For Socrates and the sophists, along with other Greeks, sincerity was of penultimate importance. Bullshit was seen as a threat because it was insincere, a value considered central to their small intimate democracy. We now take insincerity as the norm. Sincerity is too personal of a concern for such an impersonal society as ours. It’s harder to have personal concern for hundreds of millions in a large modern nation-state than to have personal concern for a few thousand in an ancient city-state. We are more tolerant of bullshit maybe for the sake of simplicity, as we can’t go around worrying about the moral intentions of so many strangers who we will never meet.


6 thoughts on “On Accusations of Bullshit

    • It’s political correctness. Even when (or especially when) true, it is politically incorrect to openly admit you are a white nationalist. Right-wingers are among the most sensitive purveyors of politically correct rhetoric.

    • That always makes me sad and frustrated.

      It’s not just lead. There are other heavy metal toxins such as mercury along with other pollutants that really mess people up. Lead toxicity alone stunts brain development, lowers IQ, lowered impulse control. leads to aggressive and violent behavior, increases criminality, increases suicide and homicide, causes numerous physical health problems, etc. Prisoners, when tested, have been shown to have way above average rates of lead toxicity.

      We look at these poor, violent communities and we blame the victims, turning them into scapegoats, leaving them to suffer and if they cause problems putting them into prisons. We act like it is a failure of individual character, morality, and culture. How can such vast ignorance exist about a topic that has so much scientific proof? There is no debate about this. We know what the problem is and we know how to deal with it.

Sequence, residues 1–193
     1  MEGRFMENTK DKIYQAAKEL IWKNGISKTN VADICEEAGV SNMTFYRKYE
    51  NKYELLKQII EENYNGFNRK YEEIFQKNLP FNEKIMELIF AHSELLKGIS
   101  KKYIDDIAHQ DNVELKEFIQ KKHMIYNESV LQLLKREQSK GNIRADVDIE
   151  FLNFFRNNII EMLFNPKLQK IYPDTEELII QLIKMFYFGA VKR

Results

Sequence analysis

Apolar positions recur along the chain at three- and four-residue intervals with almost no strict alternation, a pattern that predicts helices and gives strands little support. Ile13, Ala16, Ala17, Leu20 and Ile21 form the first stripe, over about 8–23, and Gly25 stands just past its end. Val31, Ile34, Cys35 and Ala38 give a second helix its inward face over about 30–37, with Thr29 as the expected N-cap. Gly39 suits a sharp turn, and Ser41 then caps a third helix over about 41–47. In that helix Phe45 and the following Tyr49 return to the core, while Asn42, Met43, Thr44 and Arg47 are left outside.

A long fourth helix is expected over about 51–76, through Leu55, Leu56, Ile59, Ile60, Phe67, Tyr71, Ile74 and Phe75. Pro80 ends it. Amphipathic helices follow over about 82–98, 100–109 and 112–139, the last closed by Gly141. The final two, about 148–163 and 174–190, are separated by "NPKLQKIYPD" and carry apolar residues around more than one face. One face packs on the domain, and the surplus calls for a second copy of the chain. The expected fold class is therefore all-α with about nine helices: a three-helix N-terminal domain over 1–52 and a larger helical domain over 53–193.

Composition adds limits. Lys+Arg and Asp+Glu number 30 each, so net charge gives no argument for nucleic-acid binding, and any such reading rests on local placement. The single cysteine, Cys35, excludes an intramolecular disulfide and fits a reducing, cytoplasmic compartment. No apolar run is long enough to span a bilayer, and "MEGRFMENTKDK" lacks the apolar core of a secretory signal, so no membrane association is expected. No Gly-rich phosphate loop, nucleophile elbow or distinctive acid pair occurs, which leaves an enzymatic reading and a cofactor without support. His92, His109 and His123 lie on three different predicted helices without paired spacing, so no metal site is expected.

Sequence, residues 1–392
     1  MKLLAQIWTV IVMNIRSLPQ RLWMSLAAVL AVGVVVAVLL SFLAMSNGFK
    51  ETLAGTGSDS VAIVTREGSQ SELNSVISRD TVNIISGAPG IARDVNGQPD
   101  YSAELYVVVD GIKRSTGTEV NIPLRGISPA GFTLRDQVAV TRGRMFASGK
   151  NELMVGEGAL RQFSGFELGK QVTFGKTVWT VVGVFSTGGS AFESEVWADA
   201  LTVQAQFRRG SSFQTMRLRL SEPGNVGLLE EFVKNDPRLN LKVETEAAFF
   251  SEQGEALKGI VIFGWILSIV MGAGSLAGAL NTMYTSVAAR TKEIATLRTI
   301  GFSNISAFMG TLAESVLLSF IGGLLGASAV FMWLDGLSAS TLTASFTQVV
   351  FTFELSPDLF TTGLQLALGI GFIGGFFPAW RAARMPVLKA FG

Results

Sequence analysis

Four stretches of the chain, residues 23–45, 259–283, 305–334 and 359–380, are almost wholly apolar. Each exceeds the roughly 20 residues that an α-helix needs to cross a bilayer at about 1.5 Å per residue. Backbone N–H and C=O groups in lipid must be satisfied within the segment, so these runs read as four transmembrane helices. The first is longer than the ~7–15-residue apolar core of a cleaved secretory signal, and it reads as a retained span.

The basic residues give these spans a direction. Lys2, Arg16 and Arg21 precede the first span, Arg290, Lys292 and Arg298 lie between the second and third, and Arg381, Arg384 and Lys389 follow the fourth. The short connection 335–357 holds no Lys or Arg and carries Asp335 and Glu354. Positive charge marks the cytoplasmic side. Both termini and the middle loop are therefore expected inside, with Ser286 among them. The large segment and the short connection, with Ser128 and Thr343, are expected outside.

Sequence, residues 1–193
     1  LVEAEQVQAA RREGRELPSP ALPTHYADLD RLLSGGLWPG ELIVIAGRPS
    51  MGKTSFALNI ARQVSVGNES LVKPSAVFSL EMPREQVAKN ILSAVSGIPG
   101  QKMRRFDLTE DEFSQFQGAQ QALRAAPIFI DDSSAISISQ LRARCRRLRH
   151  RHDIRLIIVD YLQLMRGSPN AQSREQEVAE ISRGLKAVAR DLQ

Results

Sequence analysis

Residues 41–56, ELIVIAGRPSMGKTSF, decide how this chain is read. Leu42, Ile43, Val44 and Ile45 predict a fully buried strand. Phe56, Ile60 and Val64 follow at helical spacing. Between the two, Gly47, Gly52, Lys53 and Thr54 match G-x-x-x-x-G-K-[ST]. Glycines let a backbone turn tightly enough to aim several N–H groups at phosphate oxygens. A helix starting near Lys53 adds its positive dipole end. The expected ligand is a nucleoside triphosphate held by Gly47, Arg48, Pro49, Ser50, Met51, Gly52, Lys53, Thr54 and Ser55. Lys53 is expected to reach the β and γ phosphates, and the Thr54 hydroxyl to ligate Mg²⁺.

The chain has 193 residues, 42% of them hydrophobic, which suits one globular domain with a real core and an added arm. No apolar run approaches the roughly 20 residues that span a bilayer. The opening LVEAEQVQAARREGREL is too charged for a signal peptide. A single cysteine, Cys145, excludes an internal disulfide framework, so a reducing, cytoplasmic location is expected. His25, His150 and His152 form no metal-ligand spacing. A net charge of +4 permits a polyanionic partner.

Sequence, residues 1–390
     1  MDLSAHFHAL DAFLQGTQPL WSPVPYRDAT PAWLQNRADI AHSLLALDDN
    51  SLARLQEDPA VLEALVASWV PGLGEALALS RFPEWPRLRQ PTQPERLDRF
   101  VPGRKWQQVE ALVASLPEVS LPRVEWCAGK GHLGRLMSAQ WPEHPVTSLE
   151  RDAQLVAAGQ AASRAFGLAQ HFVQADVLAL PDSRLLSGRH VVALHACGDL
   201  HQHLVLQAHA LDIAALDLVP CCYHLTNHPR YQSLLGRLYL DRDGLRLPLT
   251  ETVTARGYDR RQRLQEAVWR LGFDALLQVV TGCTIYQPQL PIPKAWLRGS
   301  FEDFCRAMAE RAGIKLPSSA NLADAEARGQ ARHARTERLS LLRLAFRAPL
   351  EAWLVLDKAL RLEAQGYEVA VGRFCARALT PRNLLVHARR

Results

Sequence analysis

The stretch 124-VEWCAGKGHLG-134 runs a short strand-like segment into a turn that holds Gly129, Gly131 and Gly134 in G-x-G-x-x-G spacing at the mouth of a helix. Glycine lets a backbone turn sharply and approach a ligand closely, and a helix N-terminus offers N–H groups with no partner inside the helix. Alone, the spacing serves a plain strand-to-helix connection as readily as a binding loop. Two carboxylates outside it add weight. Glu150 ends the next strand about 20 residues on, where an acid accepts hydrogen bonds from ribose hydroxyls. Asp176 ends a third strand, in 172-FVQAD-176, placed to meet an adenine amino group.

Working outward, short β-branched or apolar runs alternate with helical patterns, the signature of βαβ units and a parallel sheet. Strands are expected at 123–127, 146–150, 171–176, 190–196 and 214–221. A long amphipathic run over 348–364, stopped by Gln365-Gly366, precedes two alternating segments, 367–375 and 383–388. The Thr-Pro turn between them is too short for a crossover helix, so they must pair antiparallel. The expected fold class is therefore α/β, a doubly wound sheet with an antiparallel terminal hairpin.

We could solve a whole host of personal and social problems for generations to come by eliminating or at least lessening toxins and pollutants. But few people understand the issue or appreciate why it is so urgent. And there is no political will to deal with it.

      I’ve talked to well-educated liberals about this who don’t comprehend it. There is one couple I know with a young child. They live in an old house that likely has lead paint. But they’ve never done anything about it. People just don’t get it. It’s one of those invisible threats. If a growling dog lunged at their child, they’d respond. But you can’t see the lead in paint, the lead in water, the lead in the air from particles, or the lead in the soil. And you can’t see the effects of lead toxicity until years later, some of the worst problems not becoming apparent until a couple decades after.